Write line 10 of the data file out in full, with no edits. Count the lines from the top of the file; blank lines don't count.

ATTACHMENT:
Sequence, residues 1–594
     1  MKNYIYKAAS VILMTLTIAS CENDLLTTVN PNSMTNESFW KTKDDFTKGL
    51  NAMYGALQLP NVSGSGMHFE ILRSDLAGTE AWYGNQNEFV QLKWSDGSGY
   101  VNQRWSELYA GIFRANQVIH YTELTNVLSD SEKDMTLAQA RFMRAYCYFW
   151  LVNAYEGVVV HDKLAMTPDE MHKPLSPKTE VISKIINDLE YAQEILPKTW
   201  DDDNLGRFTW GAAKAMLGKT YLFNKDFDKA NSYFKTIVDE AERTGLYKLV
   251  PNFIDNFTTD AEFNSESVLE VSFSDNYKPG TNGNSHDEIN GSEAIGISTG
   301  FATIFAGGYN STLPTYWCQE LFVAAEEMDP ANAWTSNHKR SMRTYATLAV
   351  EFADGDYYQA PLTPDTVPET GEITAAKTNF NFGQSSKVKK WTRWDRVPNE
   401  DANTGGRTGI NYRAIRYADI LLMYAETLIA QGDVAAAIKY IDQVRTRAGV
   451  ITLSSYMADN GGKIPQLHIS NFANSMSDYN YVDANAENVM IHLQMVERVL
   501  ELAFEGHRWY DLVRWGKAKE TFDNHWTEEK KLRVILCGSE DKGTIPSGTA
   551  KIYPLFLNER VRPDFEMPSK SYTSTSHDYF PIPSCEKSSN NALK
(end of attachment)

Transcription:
   401  DANTGGRTGI NYRAIRYADI LLMYAETLIA QGDVAAAIKY IDQVRTRAGV